Graduate students push pack against $300 First Year Experience Fee

Students+voiced+concerns+about+the+%24300+fee+they+are+automatically+enrolled+in.+Students+Must+opt+out+the+fee%2C+but+direct+information+about+how+to+do+this+has+been+scarce.

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Students voiced concerns about the $300 fee they are automatically enrolled in. Students Must opt out the fee, but direct information about how to do this has been scarce.

by John Paul Cavada , Staff Writer

The Graduate Student Experience Program, organized by the Office for Graduate Life and Diversity, has been met with student pushback concerning its excessive fees. The GSEP contains the First Year Experience Fee, which is a fee of $300 that can be opted out of. 

The FYE fee covers the Pre-Orientation, Orientation and the Office for Graduate Life’s student activities during the first year of graduate school, according to the New Student and Parent Programs.

Upon admission, graduate students who have 18 or more units matriculated are automatically placed into the GSEP, according to the Office for Graduate Life and Diversity. 

Graduate students who opt out of the program will still have full access to existing and critical support services provided by the university, according to the Office for Graduate Life and Diversity.

However, graduate students have not been properly informed about the option to opt out of the FYE fee.

“What this feels like to me is, the program is relying on graduate students missing the deadline to opt out and forcing them to then pay a $300 enrollment fee, which is predatory,” chemistry graduate student Colton Breyer said.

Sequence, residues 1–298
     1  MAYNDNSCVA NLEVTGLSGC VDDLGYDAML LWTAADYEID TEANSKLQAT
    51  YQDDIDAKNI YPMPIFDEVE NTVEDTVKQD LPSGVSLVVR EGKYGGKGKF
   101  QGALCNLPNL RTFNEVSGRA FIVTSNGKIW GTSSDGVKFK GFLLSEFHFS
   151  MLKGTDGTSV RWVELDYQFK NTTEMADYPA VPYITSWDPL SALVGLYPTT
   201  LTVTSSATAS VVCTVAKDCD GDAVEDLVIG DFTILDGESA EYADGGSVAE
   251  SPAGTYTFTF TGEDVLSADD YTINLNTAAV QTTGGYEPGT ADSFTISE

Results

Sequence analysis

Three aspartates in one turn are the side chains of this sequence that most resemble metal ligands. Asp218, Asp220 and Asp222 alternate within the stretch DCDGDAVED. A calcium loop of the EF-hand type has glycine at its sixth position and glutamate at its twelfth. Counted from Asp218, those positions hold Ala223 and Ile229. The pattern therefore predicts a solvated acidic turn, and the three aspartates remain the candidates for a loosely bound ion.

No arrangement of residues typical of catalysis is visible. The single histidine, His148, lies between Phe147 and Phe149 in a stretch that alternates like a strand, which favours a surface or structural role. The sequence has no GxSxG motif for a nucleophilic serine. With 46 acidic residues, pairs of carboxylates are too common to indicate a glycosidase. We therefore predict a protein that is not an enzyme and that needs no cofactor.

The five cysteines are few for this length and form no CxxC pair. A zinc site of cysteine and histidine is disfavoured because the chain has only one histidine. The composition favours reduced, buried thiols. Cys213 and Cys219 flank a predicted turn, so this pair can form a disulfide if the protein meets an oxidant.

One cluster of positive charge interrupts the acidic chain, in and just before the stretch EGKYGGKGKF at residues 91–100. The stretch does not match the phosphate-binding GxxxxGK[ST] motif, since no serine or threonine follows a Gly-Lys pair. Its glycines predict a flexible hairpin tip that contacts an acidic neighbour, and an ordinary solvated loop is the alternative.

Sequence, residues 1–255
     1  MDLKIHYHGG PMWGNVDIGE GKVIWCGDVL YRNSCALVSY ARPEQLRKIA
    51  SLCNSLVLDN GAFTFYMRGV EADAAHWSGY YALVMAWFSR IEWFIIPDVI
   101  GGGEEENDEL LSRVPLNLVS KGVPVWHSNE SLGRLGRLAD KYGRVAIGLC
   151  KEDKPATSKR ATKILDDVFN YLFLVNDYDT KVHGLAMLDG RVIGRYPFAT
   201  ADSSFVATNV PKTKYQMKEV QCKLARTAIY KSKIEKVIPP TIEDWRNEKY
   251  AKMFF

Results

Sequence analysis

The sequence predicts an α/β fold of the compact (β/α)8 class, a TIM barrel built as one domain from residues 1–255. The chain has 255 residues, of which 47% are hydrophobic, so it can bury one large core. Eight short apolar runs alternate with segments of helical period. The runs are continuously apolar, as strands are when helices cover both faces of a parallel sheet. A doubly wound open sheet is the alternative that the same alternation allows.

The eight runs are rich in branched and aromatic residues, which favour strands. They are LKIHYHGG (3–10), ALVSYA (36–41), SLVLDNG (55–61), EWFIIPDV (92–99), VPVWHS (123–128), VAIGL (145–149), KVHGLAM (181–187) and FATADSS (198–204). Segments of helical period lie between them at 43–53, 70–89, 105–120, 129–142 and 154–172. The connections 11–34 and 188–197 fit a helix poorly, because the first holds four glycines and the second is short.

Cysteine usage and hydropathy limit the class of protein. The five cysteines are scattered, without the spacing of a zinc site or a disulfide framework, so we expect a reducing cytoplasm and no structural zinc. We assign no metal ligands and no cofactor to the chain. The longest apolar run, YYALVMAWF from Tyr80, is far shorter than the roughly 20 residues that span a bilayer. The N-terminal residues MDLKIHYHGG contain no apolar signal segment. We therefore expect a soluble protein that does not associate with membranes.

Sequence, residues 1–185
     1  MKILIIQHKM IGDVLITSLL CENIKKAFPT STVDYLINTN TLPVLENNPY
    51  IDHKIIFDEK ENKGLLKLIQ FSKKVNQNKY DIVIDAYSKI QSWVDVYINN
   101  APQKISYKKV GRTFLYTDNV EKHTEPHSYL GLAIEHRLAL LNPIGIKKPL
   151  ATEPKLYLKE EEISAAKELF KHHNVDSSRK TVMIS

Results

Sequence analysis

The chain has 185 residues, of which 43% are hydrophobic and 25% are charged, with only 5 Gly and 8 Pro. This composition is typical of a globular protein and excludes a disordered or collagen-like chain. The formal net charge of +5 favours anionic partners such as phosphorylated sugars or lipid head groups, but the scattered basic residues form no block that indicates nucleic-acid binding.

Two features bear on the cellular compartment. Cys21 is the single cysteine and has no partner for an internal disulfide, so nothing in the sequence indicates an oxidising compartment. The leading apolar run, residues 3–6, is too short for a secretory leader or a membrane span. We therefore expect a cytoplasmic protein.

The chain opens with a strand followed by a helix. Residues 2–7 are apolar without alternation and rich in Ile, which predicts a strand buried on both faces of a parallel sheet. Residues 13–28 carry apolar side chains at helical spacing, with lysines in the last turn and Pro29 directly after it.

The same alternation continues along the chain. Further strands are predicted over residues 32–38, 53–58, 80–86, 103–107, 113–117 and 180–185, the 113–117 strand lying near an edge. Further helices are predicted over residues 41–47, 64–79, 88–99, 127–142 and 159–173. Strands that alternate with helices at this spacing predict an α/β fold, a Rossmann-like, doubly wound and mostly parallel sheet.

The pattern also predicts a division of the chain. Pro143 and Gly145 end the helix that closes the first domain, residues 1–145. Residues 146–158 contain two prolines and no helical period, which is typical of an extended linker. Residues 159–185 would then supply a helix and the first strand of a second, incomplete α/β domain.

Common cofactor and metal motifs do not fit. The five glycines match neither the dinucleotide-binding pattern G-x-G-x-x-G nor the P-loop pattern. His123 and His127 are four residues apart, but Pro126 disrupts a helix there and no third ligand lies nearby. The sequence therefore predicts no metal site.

The only information regarding the program and the option to opt out was a single sentence buried within an email, according to chemistry graduate student Ellen Kuang. 

The website to properly opt out of the fee was not included in this email. 

“I personally think it’s incredibly predatory considering that it’s not an ‘opt-in’ program but rather an ‘opt-out’ program…This was thrown upon us without any consultation…” Kuang said.

Breyer adds emails surrounding the GSEP and FYE fee are often sent straight to the spam or junk folder of student emails.

As of now, graduate students are still uncertain whether these fees are paid out of their loans or out of their pocket.

Graduate students who have been unknowingly opted-in consider the orientation events within the GSEP to be a standard practice. 

“Us graduate students, the time that we do have is quite precious to us…If I don’t have to, I would honestly rather not have to go some of those things, and feel that I need to get my money’s worth because I’m being forced to pay $300 for it,” Kuang said.

Breyer shares his experience that graduate students are some of the most financially burdened individuals due to working paycheck and paycheck with debt from previous education.

“We’re really all not particularly fond of it. We’re already having to pay a lot out of pocket…Asking us to shell out more is absolutely unreasonable,” Kuang said.

Graduate students have pitched an alternative for the FYE fee. Instead of being an “opt-out” program, the GSEP should be an “opt-in” program.

“The frustrating part about the whole thing is most of the services included in the $300 fee should be free resources for the student and not an additional tacked-on fee,” Breyer said.

As a graduate student within the College of Science, Kuang already has access to similar programs that the GSEP expects them to pay for.

“I believe they have mental health programs as well as writing assistance or some support like that. We already have programs for the College of Science to have help with that…There’s no point in paying another $300 for that sort of redundancy,” Kuang said.

There are still many graduate students today that are unaware of the GSEP and its accompanying FYE fee, according to Breyer.